Near Chania

Archaeological Site – Knossos Phaistos

Knossos is the heart of Minoan civilization. According to tradition, it was the seat of King Minos. The fascinating myths of the Labyrinth with Minotaur and Daedalus with Icarus are connected with the area of the palace of Knossos.

The city of Knossos was inhabited continuously from the Neolithic Age (7,000 – 3,000 BC) up to Roman times.

It is referred to as Ko-no-so in the texts of the linear writing B΄ (Mycenaean) of the 14th century BC.

Knossos was located in 1878 by Minos Kalokairinos. Arthur Evans began systematic excavations in 1900, which continued until 1931 with the discovery of the palace, a large part of the Minoan city and cemeteries. Since then, excavations continue in the wider area of Knossos by the English School of Archeology and the KGI Ephorate of Prehistoric and Classical Antiquities.

Knossos Site
Kournas Lake

Lake Kournas – Apokoronas

Lake Kournas is an ideal destination for an afternoon walk, or a short excursion during the day. Many also prefer it for an afternoon picnic. The landscape is relaxing and beautiful, whether you want to walk in nature, or take a bath or bike ride on the lake.

In Lake Kournas there are two springs on the South-East bank, one of which is visible at the end of summer, Mati or Amati, as the locals call it. The lake is fed by the waters that descend the neighboring mountains and hills, which the rocks of the area interrupt their underground flow and do not allow them to continue their course to the sea.

Samaria Gorge

Samaria or the Samaria Gorge is one of the main attractions in Crete. Every tourist who visits Crete, whether he has already heard or will soon hear about this beautiful gorge, the “gorge”, as the locals call Samaria out of admiration for its beauty, but also to distinguish it from the other, smaller gorges in Crete.

The gorge of Samaria is located in western Crete, in the White Mountain range. It is the longest gorge in Europe with 18 km length.

The gorge starts from Xyloskalo (altitude 1227 m.), At the plateau of Omalos and ends at the seaside village of Agia Roumeli in southern Crete.

Samaria Gorge
Loutro Village

Sfakia – Loutro

The coastal village of Loutro is located about 71 km south of Chania in the province of Sfakion.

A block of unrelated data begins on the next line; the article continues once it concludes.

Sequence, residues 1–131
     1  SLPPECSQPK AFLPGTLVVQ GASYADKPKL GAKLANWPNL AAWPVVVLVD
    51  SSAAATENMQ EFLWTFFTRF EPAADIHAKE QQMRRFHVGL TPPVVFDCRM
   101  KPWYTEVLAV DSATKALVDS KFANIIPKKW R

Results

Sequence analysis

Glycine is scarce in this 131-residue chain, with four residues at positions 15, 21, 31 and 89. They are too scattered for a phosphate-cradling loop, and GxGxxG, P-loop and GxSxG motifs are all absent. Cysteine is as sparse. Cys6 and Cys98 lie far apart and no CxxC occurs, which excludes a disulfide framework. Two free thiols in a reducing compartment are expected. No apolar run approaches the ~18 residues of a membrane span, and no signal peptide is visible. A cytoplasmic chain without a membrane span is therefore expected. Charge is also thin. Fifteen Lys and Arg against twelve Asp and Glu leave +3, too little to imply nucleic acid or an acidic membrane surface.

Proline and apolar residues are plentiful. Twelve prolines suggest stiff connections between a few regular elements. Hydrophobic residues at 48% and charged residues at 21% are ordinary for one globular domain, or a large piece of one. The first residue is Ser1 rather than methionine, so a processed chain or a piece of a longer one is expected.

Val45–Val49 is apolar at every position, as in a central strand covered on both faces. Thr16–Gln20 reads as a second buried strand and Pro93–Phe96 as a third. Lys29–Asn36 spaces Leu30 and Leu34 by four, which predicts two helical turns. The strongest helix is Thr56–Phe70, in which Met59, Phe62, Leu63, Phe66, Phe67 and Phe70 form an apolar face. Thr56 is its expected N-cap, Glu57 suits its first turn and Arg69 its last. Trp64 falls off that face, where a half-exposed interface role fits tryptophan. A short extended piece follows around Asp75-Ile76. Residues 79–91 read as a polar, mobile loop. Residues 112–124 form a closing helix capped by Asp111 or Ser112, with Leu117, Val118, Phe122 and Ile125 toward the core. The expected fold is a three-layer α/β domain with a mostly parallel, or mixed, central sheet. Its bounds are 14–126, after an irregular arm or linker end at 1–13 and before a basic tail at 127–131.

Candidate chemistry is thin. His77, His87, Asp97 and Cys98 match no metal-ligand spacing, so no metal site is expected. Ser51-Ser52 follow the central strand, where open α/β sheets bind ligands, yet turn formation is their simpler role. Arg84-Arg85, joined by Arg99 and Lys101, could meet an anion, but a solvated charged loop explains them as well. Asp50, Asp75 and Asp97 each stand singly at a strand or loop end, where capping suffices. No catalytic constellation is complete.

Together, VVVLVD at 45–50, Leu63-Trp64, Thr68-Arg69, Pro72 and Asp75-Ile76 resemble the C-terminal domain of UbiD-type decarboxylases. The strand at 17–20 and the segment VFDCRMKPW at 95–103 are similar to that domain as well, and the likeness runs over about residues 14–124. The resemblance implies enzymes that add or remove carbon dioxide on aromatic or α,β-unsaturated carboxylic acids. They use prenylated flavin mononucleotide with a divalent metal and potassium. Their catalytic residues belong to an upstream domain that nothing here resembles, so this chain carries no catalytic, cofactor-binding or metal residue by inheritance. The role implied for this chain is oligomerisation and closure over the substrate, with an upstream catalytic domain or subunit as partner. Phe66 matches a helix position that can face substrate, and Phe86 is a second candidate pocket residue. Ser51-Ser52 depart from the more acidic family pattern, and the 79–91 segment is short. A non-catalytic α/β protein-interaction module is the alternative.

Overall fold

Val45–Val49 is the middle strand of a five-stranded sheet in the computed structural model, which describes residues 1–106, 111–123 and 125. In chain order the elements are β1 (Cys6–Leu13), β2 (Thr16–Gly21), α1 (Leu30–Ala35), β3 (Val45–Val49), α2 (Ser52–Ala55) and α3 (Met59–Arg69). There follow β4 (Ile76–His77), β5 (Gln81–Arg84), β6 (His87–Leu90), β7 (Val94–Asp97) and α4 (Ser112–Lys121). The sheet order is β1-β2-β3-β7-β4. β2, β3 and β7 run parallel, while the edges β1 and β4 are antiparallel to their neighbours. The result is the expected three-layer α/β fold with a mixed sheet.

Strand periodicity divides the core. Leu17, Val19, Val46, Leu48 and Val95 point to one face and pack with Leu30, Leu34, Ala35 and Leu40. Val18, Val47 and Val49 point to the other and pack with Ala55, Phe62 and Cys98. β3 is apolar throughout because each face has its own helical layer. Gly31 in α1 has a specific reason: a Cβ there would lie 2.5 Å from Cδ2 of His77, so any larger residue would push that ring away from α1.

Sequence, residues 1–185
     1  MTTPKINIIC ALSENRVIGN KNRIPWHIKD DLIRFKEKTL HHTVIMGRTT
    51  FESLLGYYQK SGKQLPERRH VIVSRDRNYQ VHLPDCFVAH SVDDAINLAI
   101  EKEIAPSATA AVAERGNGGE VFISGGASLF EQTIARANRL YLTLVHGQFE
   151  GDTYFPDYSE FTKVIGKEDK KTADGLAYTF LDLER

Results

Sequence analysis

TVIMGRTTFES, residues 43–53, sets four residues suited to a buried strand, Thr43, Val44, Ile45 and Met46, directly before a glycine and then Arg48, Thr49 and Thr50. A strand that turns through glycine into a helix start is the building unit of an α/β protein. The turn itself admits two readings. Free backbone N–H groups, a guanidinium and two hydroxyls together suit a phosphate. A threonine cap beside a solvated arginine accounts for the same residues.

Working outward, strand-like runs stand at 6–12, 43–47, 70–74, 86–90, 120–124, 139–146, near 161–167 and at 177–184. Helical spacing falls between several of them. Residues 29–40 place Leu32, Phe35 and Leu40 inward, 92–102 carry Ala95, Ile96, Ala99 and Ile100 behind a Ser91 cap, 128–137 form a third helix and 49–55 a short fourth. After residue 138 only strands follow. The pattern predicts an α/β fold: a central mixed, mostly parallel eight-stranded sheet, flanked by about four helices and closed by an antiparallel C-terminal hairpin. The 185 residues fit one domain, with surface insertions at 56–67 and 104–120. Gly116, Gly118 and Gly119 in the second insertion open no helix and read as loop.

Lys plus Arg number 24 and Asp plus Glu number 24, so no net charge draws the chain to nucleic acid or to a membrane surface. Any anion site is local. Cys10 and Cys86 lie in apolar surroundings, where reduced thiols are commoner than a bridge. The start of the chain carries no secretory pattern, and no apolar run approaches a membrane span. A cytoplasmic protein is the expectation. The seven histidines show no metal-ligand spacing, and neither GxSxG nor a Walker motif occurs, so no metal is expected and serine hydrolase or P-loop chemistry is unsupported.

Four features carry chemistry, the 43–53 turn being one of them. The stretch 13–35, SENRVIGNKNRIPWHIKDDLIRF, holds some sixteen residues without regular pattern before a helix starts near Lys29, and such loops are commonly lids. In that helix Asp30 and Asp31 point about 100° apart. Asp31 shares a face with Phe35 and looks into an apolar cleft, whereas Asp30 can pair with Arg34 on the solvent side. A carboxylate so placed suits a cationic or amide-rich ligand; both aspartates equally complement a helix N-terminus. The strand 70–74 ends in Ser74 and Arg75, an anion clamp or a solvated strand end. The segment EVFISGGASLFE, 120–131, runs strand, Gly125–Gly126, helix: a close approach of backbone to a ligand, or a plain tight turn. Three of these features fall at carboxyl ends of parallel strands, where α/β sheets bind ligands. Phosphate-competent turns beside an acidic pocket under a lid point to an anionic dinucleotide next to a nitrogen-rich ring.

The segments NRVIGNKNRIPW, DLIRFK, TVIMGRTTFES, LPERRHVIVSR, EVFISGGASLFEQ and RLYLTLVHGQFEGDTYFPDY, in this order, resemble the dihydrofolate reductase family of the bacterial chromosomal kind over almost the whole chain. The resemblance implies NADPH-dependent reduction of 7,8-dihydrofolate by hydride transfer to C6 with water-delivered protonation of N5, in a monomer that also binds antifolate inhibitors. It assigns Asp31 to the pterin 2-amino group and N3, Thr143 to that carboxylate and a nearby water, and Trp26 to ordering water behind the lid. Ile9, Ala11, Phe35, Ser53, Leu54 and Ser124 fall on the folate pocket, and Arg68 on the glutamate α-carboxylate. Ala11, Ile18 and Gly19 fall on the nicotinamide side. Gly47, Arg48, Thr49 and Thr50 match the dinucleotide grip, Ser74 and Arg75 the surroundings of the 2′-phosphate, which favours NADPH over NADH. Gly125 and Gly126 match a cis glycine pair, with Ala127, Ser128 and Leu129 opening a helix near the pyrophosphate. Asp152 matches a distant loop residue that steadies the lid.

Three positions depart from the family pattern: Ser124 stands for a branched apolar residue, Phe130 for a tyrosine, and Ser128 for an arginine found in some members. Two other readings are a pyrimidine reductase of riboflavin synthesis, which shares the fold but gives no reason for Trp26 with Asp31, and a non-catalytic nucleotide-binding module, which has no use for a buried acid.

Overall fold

In Loutro there are no big hotels with swimming pools, nor full of busy streets, busy restaurants or beaches, nor cars!

A small picturesque fishing village in southwestern Crete, which has not yet been “spoiled” by mass tourism. Discover many incredibly beautiful beaches on this coastline.

There are two ways to get there, by boat or on foot.

Come and enjoy the sun, the crystal-clear waters and the tranquility.

Omalos

Omalos Plateau is located 38km south of the city of Chania at an altitude of 1,040 to 1,250 meters, surrounded by the high peaks of the White Mountains. The plateau has a unique beauty in winter when it is often covered by snow and many Greek and foreign visitors come here all year round.
Omalos Mountain
Preveli Beach

Preveli Monastery

The sandy beach and the gorge of Preveli are excellent attractions to visit, while staying in the area of Rethymnon. You can visit Preveli by vehicle (it is a 30-minute walk away) or by boat.

From Rethymno you reach Preveli, mainly through the steep Kourtaliotiko gorge 2 km long. The name is said to come from the crackling of the stones when it blows north in the narrow passage.

Arkadi

The Monastery of Arkadi is located near the village of Amnatos, 23km east of Rethymnon on the border of the provinces of Mylopotamos, Rethymnon and Amari. It is built at an altitude of 500m, on a fertile plateau with olive groves, vineyards, pines, cypresses and prunes. Around the monastery there are many picturesque chapels, while next to the monastery begins the beautiful Arkadiotiko Gorge.
Arkadi Monastery Church
Archaeological Museum Heraklion

Archaeological Museum of Heraklion

The Archaeological Museum of Heraklion is one of the largest and most remarkable museums in Greece and one of the most important in Europe. Its exhibits include representative specimens from all periods of Cretan prehistory and history, covering about 5,500 years, from the Neolithic era to Roman times. Dominant in his collections, however, are the unique masterpieces of Minoan art, which can be admired throughout its development. The collection of Minoan antiquities is the most important in the world and the museum is rightly considered the pre-eminent museum of Minoan civilization.
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